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Thursday, 10 August 2017

Finance: Scorching-hot tech stocks are getting a makeover that could lead to their downfall

Scorching-hot tech stocks are being used in a new way that could lead to their downfall.

Investors have started to trade tech stocks — historically a vessel for cyclical growth — as a safe, risk-averse alternative to bonds.

Tech stocks are getting a makeover.

Though the stocks were historically a way to chase cyclical growth, investors have started to trade them as a safe, risk-averse alternative to bonds.

At the heart of the shift is the dearth of price swings in tech shares, which has been a byproduct of the sector's recent success. As the group known as FAAMG — Facebook, Apple, Amazon, Microsoft, and Google — has produced world-beating returns, their rising cash balances and a lack of market shocks have sapped the entire tech sector of volatility, Goldman Sachs says.

That low volatility has shifted the industry's entire profile. Tech is now more highly correlated with consumer staple and utility stocks — both defensive groups offering reliable yields — than at any point in the past 15 years, according to Goldman's data. On the flip side, tech is less correlated with "risk-on" areas like financials, industrials, and materials than it has been in, you guessed it, 15 years.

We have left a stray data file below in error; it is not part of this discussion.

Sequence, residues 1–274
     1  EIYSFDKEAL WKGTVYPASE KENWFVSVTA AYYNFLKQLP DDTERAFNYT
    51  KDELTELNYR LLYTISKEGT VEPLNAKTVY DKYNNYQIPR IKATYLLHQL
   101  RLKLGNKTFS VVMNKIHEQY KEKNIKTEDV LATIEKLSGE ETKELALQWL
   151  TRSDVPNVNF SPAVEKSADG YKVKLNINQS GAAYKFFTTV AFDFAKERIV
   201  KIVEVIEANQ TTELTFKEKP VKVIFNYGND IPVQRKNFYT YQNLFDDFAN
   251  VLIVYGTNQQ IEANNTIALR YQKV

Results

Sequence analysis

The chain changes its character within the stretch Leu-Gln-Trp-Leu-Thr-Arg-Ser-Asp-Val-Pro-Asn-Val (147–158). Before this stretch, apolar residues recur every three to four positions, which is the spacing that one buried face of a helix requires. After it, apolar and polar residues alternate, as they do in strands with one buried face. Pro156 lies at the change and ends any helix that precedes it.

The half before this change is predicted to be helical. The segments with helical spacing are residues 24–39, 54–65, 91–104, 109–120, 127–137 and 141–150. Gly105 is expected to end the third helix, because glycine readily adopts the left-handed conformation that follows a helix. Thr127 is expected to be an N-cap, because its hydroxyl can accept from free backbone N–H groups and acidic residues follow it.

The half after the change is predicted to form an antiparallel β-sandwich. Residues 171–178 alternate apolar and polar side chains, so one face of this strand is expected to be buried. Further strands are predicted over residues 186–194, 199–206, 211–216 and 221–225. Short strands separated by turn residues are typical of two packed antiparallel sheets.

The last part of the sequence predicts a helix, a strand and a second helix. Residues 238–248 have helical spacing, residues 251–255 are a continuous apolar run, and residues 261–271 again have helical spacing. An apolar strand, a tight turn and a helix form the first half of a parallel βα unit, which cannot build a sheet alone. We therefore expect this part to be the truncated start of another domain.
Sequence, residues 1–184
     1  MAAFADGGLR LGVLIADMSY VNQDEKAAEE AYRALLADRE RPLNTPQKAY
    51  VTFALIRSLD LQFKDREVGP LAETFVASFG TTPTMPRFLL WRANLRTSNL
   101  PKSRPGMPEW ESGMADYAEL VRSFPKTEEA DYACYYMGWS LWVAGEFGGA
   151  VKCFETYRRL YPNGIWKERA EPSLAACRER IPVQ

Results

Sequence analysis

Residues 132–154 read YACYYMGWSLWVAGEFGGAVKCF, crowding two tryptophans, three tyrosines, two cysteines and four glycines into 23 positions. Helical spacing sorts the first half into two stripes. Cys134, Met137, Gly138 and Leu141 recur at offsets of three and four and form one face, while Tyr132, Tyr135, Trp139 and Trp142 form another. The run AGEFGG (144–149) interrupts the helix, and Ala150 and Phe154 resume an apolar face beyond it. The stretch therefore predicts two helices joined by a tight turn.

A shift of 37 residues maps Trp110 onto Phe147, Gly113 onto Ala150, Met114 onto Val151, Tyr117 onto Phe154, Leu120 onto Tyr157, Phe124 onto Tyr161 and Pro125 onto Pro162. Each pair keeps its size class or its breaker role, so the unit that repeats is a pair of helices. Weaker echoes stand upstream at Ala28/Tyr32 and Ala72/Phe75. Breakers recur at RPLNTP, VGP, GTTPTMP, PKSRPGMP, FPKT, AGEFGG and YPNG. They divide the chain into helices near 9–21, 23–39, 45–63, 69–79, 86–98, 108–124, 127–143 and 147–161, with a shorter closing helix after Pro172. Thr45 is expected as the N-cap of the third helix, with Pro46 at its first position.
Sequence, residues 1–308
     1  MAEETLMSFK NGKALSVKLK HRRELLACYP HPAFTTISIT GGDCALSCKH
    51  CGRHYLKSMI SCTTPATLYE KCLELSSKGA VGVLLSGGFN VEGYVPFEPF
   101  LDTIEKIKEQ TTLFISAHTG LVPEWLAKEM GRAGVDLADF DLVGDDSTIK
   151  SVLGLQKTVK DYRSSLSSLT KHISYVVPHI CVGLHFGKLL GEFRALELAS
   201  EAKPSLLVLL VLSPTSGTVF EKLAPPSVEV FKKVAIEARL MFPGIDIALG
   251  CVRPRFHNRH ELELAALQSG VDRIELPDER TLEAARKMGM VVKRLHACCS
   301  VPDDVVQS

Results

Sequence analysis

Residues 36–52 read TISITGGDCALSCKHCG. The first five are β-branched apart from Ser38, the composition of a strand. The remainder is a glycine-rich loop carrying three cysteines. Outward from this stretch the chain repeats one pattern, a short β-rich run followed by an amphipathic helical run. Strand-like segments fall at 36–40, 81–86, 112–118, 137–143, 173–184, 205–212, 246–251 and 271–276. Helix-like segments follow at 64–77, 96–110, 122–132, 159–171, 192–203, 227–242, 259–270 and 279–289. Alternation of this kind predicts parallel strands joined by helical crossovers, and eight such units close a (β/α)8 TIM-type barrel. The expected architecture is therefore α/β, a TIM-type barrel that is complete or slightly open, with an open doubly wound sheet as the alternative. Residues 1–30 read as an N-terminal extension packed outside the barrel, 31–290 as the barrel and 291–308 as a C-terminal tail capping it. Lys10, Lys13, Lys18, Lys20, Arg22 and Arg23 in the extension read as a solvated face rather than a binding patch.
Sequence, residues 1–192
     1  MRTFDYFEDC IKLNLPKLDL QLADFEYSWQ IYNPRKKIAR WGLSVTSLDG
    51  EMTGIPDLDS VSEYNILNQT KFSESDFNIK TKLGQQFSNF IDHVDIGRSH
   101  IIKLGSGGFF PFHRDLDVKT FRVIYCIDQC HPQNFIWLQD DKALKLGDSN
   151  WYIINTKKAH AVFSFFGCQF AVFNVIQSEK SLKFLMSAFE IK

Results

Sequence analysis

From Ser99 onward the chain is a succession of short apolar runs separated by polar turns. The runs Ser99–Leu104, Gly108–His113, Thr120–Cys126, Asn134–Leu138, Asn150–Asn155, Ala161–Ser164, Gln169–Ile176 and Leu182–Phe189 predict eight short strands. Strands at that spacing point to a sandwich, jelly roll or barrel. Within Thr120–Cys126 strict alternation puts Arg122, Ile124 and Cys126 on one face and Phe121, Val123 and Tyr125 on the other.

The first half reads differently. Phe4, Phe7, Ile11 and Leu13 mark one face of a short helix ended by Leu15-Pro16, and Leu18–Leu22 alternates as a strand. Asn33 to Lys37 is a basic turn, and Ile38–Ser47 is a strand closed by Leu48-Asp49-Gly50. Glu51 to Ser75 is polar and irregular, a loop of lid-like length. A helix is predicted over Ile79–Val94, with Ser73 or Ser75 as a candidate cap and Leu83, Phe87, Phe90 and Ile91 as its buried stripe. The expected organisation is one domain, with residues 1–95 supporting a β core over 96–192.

By extension, tech is also now negatively correlated with interest rates, a reversal of the usual relationship. So as the Federal Reserve takes its time with monetary tightening, it plays right into the hands of the surging tech sector.

Sounds good, right? Well, it may not be.

While Goldman concedes that the ongoing situation in tech is working for the time being, it's less optimistic about what could happen if the broader market faces a shock. If price swings come back in force, the party could be over.

"We believe low realized volatility can potentially lead people to underestimate the risks inherent in these businesses," Robert Boroujerdi, the head of global securities research at Goldman Sachs, wrote in a note from June. "Mechanically, we expect that as the realized volatility of a stock drops, more passive 'low vol' strategies buy the stock, pushing up the return and dampening downside volatility. The fear is that if fundamental events cause volatility to rise, these same passive vehicles will sell and exacerbate downside volatility."

In tech's wake lie healthcare stocks, which were previously a popular bond proxy but are now seeing their lowest correlation in 15 years with consumer staples stocks.

It's entirely possible these sectors will revert back to their historical roles. But with the US market fresh off several rounds of unprecedented economic stimulus, and with the Fed about to embark upon an unprecedented balance-sheet unwind, it's safe to say the investment playbook is being rewritten on the fly.



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